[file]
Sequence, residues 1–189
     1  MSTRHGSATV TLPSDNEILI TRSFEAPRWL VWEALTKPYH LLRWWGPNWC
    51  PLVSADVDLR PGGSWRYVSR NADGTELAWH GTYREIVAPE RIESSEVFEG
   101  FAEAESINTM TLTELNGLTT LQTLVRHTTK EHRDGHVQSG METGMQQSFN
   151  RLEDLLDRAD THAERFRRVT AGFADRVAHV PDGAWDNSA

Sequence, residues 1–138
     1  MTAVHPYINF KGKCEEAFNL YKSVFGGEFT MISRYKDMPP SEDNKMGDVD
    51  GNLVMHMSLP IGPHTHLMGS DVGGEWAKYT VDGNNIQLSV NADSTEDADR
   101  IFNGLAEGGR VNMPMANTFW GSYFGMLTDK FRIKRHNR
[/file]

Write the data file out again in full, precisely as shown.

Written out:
Sequence, residues 1–189
     1  MSTRHGSATV TLPSDNEILI TRSFEAPRWL VWEALTKPYH LLRWWGPNWC
    51  PLVSADVDLR PGGSWRYVSR NADGTELAWH GTYREIVAPE RIESSEVFEG
   101  FAEAESINTM TLTELNGLTT LQTLVRHTTK EHRDGHVQSG METGMQQSFN
   151  RLEDLLDRAD THAERFRRVT AGFADRVAHV PDGAWDNSA

Sequence, residues 1–138
     1  MTAVHPYINF KGKCEEAFNL YKSVFGGEFT MISRYKDMPP SEDNKMGDVD
    51  GNLVMHMSLP IGPHTHLMGS DVGGEWAKYT VDGNNIQLSV NADSTEDADR
   101  IFNGLAEGGR VNMPMANTFW GSYFGMLTDK FRIKRHNR